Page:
Is the flavor of a cake determined by the bread part or the icing?

When I got home from work today, I had the inexplicable urge to make a cake. While doing so I got a call from Lil Sis. She asked what I was doing, so I told her I was making a chocolate cake, sparking a playful argument we’ve been having since about 1992. Lil Sis opines that what I make for myself and the missus is not truly chocolate cake because, however tasty, there is no icing, just the bread part. I counter that the cakes I make for her on her birthday are, however tasty, not chocolate cakes because both the bread part and the icing are made with cocoa powder, not baking powder.

Which Rhymer would you say is right, if either?

(Anyone who feels the need to post his or her favorite recipes should by all means surrender to temptation.)

You’re making chocolate cake. In one case, unfrosted chocolate cake. Cocoa is chocolate. Baking powder is leavening and is usually in any cake of whatever flavor.

Yes, it’s chocolate cake. One might have chocolate cake with vanilla icing, chocolate cake with butterscotch icing, chocolate cake with chocolate icing (which would probably just be called “chocolate cake” for simplicity’s sake), or, as you do, chocolate cake with no icing.

So your sister is wrong, but you may be as well. I’m not sure how what you make for her would be disqualified as “cake.” If it’s got flour and eggs and butter (or other shortening) and is baked, it’s cake. Especially once you put icing on it.


Did you move to Trinidad?

The mention of baking powder in the OP is an error. I meant to write to the cakes I make for Lil Sis are made with cocoa powder rather than baking chocolate.

And cocoa is NOT chocolate. Cocoa is made by removing the fat from cocoa beans, while chocolate retains the fat. You can sub cocoa for chocolate by adding in butter or something else fatty, but the two are not synonymous.

Oh, my contention is that LS’s birthday cakes are COCOA cakes. They’re obviously cakes, but chocolate is an ingredient neither of the bread part nor the frosting.

It’s the cake part, not the frosting part, that determines the cake type. It’s the plant source, not the refining process, that determines whether it’s a chocolate cake. You and your sister are both wrong.

(Yes, I know the technical difference between cocoa and chocolate. But it’s ridiculous to correct someone who calls hot cocoa hot chocolate, just as it’s ridiculous to say a chocolate cake isn’t a chocolate cake because of the lack of cocoa butter in the recipe).

If what you make is not a chocolate cake, then there are very few chocolate cakes in the USA. Even Hershey’s Chocolate Cake recipe uses cocoa.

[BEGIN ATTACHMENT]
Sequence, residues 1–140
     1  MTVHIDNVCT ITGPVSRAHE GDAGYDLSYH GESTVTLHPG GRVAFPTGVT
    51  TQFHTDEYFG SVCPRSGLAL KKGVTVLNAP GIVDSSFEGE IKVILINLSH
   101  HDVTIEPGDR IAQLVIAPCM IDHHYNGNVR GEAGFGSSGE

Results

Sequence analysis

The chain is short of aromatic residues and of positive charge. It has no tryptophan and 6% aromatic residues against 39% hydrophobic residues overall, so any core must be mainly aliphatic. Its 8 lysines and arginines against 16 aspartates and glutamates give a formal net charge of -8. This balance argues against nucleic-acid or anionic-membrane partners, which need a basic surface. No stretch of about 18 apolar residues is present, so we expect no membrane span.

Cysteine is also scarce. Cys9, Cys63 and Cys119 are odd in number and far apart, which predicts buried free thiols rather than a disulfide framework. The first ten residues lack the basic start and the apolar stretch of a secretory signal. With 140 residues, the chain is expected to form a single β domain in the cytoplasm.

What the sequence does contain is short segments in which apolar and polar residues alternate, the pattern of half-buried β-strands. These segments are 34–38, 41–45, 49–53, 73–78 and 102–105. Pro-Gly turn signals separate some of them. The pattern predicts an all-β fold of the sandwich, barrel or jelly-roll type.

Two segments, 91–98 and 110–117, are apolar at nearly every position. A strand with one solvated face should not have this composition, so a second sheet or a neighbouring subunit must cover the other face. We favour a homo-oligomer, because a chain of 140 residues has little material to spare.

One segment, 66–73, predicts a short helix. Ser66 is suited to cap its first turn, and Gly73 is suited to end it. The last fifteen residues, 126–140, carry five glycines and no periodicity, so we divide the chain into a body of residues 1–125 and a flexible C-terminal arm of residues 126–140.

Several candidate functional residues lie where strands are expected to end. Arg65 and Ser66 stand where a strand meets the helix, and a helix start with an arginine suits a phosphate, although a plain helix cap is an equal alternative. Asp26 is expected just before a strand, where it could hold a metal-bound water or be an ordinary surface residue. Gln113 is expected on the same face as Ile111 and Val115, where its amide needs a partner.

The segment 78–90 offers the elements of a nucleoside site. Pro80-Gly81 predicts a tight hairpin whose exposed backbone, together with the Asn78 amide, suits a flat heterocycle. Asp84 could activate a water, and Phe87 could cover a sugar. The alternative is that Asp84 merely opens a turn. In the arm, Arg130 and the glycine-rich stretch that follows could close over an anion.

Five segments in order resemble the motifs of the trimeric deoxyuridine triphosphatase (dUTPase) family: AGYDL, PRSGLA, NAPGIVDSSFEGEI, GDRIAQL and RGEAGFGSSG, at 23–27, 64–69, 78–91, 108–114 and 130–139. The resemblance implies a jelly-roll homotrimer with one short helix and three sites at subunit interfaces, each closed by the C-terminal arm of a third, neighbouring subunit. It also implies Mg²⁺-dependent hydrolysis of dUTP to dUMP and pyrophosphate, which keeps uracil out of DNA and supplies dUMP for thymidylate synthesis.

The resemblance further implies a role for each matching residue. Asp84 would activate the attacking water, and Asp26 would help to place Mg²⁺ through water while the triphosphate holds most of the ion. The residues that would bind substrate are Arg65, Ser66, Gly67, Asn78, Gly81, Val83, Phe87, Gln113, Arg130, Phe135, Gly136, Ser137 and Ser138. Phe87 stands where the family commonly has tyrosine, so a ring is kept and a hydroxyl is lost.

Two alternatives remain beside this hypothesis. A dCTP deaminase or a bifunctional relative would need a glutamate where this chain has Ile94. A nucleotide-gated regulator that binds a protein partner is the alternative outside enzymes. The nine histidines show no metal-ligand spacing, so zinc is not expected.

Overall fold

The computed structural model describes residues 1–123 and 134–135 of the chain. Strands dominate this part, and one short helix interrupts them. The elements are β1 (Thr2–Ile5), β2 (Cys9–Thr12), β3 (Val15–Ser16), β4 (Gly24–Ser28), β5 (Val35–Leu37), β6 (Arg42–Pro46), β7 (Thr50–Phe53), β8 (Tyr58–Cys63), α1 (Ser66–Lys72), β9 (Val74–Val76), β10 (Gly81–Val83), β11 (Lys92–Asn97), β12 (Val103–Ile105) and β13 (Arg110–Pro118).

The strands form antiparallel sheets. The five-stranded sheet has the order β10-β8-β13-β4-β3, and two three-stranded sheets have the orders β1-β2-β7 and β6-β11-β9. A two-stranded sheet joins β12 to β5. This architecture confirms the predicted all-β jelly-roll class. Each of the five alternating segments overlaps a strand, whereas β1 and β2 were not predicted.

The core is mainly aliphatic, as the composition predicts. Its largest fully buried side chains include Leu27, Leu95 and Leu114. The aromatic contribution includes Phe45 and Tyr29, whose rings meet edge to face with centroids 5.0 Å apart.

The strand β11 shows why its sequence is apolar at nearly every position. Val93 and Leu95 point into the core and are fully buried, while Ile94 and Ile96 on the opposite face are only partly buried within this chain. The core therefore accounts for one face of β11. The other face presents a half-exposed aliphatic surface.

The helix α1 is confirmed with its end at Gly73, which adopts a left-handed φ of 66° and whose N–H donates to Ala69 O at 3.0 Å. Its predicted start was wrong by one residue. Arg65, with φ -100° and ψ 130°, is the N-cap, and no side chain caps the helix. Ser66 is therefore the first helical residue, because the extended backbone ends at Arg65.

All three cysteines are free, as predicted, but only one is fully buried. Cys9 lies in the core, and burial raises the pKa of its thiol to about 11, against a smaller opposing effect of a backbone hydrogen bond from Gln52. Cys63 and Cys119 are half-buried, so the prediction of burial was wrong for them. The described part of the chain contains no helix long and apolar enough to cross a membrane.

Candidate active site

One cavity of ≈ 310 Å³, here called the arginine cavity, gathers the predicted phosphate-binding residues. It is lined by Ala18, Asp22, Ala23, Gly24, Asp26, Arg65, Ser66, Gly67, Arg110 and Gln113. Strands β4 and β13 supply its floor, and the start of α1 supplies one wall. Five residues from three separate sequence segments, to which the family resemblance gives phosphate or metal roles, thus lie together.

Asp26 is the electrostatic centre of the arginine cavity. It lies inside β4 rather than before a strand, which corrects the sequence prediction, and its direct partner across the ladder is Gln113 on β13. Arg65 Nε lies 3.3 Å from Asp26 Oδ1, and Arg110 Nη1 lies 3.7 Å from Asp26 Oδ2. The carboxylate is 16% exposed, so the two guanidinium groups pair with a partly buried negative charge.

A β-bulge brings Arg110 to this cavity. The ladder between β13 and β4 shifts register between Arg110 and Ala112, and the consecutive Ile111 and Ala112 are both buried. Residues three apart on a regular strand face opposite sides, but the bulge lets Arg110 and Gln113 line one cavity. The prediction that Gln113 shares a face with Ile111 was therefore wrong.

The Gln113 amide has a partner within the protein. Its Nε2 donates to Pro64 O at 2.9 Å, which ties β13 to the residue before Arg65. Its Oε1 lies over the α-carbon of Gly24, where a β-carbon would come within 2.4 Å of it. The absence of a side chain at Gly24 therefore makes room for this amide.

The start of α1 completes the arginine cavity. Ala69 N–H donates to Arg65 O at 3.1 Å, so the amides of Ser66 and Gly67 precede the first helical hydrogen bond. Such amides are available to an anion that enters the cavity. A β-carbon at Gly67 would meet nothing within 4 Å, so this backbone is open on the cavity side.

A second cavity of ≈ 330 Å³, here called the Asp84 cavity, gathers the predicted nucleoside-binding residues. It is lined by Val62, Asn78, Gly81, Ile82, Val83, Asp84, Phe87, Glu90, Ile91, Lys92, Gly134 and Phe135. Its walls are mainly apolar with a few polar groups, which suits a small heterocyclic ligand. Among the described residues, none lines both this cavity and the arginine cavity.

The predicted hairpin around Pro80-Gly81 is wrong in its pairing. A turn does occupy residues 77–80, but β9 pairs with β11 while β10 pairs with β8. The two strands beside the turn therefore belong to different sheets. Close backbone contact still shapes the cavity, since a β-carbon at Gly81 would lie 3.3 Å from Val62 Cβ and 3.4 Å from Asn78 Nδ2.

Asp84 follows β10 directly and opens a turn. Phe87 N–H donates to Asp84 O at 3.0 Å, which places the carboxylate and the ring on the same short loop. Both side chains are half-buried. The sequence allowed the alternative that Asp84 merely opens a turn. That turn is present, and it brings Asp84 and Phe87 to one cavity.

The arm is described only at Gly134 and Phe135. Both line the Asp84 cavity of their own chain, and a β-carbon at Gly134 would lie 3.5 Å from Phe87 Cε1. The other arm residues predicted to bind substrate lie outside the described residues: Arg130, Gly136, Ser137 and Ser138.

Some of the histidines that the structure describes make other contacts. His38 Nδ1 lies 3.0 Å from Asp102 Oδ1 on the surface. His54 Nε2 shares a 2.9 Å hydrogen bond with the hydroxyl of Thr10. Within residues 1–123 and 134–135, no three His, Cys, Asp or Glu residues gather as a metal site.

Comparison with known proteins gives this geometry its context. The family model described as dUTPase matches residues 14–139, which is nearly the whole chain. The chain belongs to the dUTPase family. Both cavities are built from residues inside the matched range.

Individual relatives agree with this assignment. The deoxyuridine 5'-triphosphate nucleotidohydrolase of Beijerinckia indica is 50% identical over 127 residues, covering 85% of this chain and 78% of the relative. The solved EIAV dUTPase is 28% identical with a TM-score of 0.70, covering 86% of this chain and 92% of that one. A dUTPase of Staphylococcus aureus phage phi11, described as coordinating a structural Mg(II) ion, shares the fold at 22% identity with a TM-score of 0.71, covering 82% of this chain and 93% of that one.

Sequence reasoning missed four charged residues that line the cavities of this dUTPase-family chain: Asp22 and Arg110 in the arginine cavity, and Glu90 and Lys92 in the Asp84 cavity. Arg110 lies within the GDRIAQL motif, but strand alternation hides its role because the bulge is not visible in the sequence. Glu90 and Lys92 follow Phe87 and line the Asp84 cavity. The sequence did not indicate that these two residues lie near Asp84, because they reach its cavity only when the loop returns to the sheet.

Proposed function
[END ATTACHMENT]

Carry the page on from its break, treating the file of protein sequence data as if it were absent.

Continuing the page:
Chocolate liquor - which is what cocoais, defatted - is what determines “chocolate” in the US. Cocoa butter no longer need be in there.

Better not take it internationally and call it chocolate, though. :wink:

(I thought this thread was going to be about that hotly debated but clearly wrongheaded debate: is a yellow cake with chocolate frosting “chocolate cake”?)

IMHO you’re being a bit pedantic. After all:

German chocolate cakes contain no Germans

Red velvet cakes contain no velvet

Coffee cakes contain no coffee

Sheet cakes contain no sheets

And Bundt cakes can be anything from angel food to pineapple upside down


Hot cocoa and hot chocolate are not the same thing either. They don’t even TASTE the same, because cocoa and chocolate are different things.

Your heresy fills me with rage, and in punishment for your effrontery I have changed the timeline so that BIG BANG THEORY airs on CBS rather than HBO and in consequence neither Bernadette or the other blonde chick ever appears topless.

Now someone post a recipe. I have Alyson Hannigan and the history of Buffy the Vampire Slayer on repeater-scope.

Are you my little sister? The yellow cake thing IS where the discussion started. :wink:

Well, I laughed.

Icing? We don’t need no stinking icing.

Frosting. (Unless you mean the thin, drizzly stuff that goes on doughnuts and bundt cake.)

If it were the frosting that determined the flavor of a cake, would an unfrosted cake have no flavor at all?

Is chocolate really chocolate, or is it cocoa butter flavored with cocoa powder?

And don’t even ask about Girl Scout cookies.

For what it’s worth, we had a long discussion about this topicseveral years ago.

yes it would.

i have to eat Transparent apples by feel.

But, carrot cakes do actually have carrots.


In the hierarchy of “What is chocolate?” cocoa has to be included. So does white chocolate. Every version of chocolate is just a product manufactured from one or more components of the cacao bean. That’s why we have words like cocoa, baking and white in this discussion - they’re all descriptors that we have to add so that we can clarify the type of chocolate we’re talking about. Milk chocolate doesn’t even have that much chocolate in it compared to the added sugar and milk products.

As for the cake… if you say “chocolate cake” then I’m assuming that the primary flavor is chocolate. Probably, I assume that both the frosting and the bread are chocolate, though I can see the argument that the word cake is what the OP calls bread. Still, if you give me a white cake with chocolate icing, I’ll consider that within the realm of “chocolate cake” because the primary flavor is still chocolate.

Can I have a berry pie now? I’m not that big a fan of cake. Or chocolate.